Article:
Getting diagnosed with ADHD is not as simple as having a blood test or filling out an online questionnaire. A detailed evaluation is required. This is done by a health professional who uses the Diagnostic and Statistical Manual of Mental Disorders (DSM)–the official diagnostic guide used in the United States–to determine if you meet the criteria.

The testing is done using questionnaires, rating scales, intellectual screenings, and interviews, and by measuring sustained attention and distractibility. ADHD symptoms can look similar to other conditions like depression, bipolar disorder, learning disabilities, and sleep problems.

Therefore, an important part of the evaluation process is to determine if you have ADHD, a different condition, or ADHD and a co-existing condition, like anxiety.

Treatment

Medication is the most common way of treating ADHD. However, it is not the only way.

There is a saying: “Pills don’t teach skills.” This means that learning ADHD-friendly ways to do daily tasks is also helpful.

Many treatment plans include a combination of approaches, as each method increases the other’s effectiveness. For example, taking medication can make it easier to implement new behaviors. Here's how ADHD is most commonly treated:

  • Medication - There are two groups of medications that your doctor might prescribe: stimulants and non-stimulants. Stimulants reduce hyperactivity and impulsivity, and increase attention. Stimulants are often quite effective, but do come with some risks.
  • Therapy - Cognitive behavioral therapy (CBT) has been found to be particularly effective in treating ADHD. CBT skills can help change unproductive thinking patterns and identify behavioral changes that can improve functioning.
  • Lifestyle changes - There are many other ways you can minimize the negative effects of ADHD on your life. Requesting workplace accommodations could help you become more productive. Creating checklists and getting organized could reduce the amount of time you spend looking for misplaced items. Exercising regularly might help reduce some of your symptoms.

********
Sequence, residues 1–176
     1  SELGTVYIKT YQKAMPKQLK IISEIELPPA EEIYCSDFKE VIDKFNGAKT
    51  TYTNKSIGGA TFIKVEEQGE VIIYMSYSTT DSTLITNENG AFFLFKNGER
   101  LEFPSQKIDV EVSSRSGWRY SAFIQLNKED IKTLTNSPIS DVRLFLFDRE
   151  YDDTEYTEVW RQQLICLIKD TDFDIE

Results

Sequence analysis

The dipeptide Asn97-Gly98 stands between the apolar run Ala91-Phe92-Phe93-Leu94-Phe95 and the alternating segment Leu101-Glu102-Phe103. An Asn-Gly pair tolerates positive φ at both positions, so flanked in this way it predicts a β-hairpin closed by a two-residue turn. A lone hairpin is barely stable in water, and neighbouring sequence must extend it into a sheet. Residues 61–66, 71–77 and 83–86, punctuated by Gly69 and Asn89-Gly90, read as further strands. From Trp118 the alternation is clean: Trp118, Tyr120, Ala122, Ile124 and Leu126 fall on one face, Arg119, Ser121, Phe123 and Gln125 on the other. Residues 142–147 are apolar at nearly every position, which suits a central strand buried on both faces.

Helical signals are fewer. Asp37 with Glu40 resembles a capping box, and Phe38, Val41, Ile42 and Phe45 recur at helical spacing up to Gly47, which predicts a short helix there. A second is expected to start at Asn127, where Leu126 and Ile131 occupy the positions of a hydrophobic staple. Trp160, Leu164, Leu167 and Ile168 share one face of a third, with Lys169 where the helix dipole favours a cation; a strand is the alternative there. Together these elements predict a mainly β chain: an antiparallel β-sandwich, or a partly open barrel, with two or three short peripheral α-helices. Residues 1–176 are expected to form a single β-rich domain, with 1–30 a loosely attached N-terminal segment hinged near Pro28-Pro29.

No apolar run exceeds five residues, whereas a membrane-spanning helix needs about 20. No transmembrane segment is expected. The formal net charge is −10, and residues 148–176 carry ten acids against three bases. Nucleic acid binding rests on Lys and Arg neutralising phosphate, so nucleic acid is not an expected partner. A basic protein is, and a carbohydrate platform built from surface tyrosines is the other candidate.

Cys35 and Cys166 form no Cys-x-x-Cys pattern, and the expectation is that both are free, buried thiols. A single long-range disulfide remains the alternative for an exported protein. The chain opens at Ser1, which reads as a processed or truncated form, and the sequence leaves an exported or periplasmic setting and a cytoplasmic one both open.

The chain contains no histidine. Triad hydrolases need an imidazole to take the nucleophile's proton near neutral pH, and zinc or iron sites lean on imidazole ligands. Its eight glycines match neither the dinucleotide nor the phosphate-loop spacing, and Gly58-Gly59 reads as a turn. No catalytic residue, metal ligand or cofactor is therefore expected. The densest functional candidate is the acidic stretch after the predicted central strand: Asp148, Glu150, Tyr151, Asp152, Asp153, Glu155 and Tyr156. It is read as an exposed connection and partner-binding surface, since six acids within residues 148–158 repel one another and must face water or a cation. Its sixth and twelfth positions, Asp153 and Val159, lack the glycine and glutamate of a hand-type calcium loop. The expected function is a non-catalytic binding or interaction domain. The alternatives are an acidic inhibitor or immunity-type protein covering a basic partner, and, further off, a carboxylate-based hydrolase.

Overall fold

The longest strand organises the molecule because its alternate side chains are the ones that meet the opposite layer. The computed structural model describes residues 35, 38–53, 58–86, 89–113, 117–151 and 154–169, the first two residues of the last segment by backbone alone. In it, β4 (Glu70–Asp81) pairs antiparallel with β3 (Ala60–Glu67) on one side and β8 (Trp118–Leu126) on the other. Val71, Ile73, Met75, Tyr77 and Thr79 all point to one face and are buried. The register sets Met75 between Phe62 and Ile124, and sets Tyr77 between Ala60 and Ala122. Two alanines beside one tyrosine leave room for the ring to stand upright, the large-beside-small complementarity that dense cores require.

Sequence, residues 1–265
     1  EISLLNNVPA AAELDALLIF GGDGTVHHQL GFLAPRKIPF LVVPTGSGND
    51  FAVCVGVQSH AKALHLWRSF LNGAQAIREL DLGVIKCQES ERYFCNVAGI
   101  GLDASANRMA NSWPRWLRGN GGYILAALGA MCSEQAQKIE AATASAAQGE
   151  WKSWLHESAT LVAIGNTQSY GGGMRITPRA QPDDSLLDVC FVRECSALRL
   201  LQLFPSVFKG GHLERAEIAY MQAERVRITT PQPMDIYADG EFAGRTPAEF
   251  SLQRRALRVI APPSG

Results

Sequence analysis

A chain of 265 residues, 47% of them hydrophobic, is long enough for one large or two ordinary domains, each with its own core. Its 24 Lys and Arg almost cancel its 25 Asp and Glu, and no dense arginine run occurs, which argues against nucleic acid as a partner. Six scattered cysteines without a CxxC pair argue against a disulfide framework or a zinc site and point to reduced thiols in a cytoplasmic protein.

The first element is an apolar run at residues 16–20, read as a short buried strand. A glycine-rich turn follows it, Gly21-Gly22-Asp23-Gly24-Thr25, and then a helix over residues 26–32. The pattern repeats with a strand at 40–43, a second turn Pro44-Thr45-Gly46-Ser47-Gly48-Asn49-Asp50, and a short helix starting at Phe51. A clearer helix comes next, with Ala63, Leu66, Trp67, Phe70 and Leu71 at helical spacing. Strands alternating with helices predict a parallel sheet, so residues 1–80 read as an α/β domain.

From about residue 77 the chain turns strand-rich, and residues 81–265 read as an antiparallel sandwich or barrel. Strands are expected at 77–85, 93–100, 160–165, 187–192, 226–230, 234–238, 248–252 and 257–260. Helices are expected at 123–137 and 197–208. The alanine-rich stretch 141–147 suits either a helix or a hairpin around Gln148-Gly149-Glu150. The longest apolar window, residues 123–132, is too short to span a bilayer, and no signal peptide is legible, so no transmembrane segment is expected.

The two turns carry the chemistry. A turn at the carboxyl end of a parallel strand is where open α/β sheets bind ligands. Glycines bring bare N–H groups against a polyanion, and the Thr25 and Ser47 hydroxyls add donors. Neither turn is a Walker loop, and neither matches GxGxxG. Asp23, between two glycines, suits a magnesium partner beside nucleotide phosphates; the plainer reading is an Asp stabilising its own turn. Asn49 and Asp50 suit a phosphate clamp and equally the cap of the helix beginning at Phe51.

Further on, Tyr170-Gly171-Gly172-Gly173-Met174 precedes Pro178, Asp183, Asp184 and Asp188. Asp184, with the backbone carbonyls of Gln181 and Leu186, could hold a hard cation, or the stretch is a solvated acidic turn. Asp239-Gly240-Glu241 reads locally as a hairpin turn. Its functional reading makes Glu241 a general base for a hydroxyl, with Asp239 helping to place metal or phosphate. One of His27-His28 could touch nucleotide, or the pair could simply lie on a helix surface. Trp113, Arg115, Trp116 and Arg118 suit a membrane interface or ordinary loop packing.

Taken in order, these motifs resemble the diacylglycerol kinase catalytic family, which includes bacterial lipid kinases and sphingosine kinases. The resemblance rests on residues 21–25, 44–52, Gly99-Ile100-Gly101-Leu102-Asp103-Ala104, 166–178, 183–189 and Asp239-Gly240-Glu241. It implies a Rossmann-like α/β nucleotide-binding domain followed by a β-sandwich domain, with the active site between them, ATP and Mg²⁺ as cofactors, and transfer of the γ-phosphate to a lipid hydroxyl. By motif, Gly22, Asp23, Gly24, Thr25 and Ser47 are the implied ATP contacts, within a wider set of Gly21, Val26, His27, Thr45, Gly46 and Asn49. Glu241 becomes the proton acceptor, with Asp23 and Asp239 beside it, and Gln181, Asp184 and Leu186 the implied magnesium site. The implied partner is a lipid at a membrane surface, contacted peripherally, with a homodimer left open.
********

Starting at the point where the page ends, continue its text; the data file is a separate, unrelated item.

It's important to work closely with your treatment providers to find the best treatment strategy for you.

Living With ADHD

Coming to terms with an ADHD diagnosis can stir up a variety of emotions. Knowing what to expect and how to best manage your life can be a key component in coping with the emotional roller coaster.

While ADHD isn't curable, the symptoms can usually be managed quite well. It's important to monitor your symptoms and progress so your treatment can be adjusted as needed.

It's also important to consider who should know about your diagnosis. Should you tell your friends? Does your family need to know? Should you tell your employer?

While you don't need to tell everyone in your life that you have ADHD, revealing it to key people could be instrumental in helping them understand you better. And, it may help you get the support and assistance you need to feel your best.

ADHD in Children

Raising a child with ADHD poses some extra challenges. Getting the best treatment and support can be key to managing your child's symptoms.

Treatment may involve medication. Medications can help children manage their impulses, stay focused, and avoid distractions.

In addition to medication, children with ADHD may benefit from accommodations at school. Common accommodations may include a seat near the teacher and extra time to complete assignments.

Parent training can also be an important aspect in treatment. Parent training strategies can help you learn the discipline and support strategies that best help children with ADHD manage their symptoms.